Scotland business

Scottish unemployment hits lowest rate since recession

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Scotland's unemployment rate has fallen to its lowest rate since the recession, according to official figures.

The Office for National Statistics (ONS) said the jobless total fell by 17,000, or 0.6%, over the three months to April to stand at 109,000.

The Scottish unemployment rate now stands at 4%, which equals the figure recorded between March and May in 2008.

The UK rate is 4.6%, with a total of 1.53 million unemployed people recorded in the latest quarter.

Meanwhile, employment in Scotland rose by 14,000 over the same period to stand at 74.1%.

But the ONS also reported a fall in UK average earnings, which grew by 2.1% in the year to April - down by 0.2% on the previous month.

The fall was greater when measured over a three-month period, confirming that wages are falling behind the 2.9% inflation rate.

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Employability and Training Minister Jamie Hepburn said: "Scotland's unemployment rate is at its lowest rate since the recession and matches the lowest on record for Scotland since the series began.

"With the employment rate rising, it's clear this is hugely positive news for our economy and the jobs market."

'Challenges remain'

The UK government's Scottish Secretary David Mundell said: "Today's figures show that Scotland's labour market continues to improve and I am pleased that the unemployment rate has fallen to the lowest rate on record.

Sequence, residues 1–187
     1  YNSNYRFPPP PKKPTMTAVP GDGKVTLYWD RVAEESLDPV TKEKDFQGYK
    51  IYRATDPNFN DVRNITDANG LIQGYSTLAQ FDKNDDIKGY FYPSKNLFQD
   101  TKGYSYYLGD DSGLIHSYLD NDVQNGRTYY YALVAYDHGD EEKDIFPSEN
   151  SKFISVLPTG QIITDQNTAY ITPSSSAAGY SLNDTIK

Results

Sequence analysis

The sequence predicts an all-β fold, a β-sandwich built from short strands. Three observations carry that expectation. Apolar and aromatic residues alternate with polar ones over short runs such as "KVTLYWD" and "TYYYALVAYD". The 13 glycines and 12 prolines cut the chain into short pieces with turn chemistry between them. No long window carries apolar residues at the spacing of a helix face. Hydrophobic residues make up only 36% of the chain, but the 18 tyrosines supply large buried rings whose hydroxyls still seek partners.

"But a number of significant challenges remain and I want to see Scotland's economic performance improve, catching up with the rest of the UK.

"This is why it is more important than ever that Scotland's two governments work together to help ensure Scotland's prosperity."

Dr Stuart McIntyre, from the Fraser of Allander economic research institute, said: "At a time when the Scottish economy is struggling, at first glance the labour market appears to be holding up rather well.

"However, almost all of the growth in employment over the year to the latest quarter is accounted for by growth in self-employment rather than in traditional employee jobs.

"Not nearly enough is known about the nature and composition of this recent growth in self-employment to judge whether this is a positive development."

'Areas of concern'

Scottish Chambers of Commerce welcomed the figures but said there were still "some areas of concern", with average earnings continuing to lag behind inflation.

Chief executive Liz Cameron said: "Low productivity rates dictate that earnings growth may be unlikely to improve significantly over the short term and, with inflation having risen by more than expectations, the pressures on consumer demand, business margins and future business investment continue."

She added: "Scotland has also experienced a significant rise in the number of people dropping out of the labour market altogether over the past year.

"Coupled with continued reports of hard to fill vacancies amongst Scottish businesses, this underlines the need for government to increase investment in training opportunities, not only for young people but also for older workers, to enable people to upskill and reskill and get back into the workforce."

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